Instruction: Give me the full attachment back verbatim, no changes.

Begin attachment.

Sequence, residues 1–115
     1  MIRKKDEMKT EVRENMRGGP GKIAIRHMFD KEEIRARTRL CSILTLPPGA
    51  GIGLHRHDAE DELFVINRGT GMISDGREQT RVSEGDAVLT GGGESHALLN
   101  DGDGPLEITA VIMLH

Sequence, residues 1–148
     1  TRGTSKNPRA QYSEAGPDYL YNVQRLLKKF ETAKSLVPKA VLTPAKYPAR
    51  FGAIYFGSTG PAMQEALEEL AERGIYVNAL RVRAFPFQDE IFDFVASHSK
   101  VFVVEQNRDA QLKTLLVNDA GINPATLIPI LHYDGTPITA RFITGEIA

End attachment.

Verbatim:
Sequence, residues 1–115
     1  MIRKKDEMKT EVRENMRGGP GKIAIRHMFD KEEIRARTRL CSILTLPPGA
    51  GIGLHRHDAE DELFVINRGT GMISDGREQT RVSEGDAVLT GGGESHALLN
   101  DGDGPLEITA VIMLH

Sequence, residues 1–148
     1  TRGTSKNPRA QYSEAGPDYL YNVQRLLKKF ETAKSLVPKA VLTPAKYPAR
    51  FGAIYFGSTG PAMQEALEEL AERGIYVNAL RVRAFPFQDE IFDFVASHSK
   101  VFVVEQNRDA QLKTLLVNDA GINPATLIPI LHYDGTPITA RFITGEIA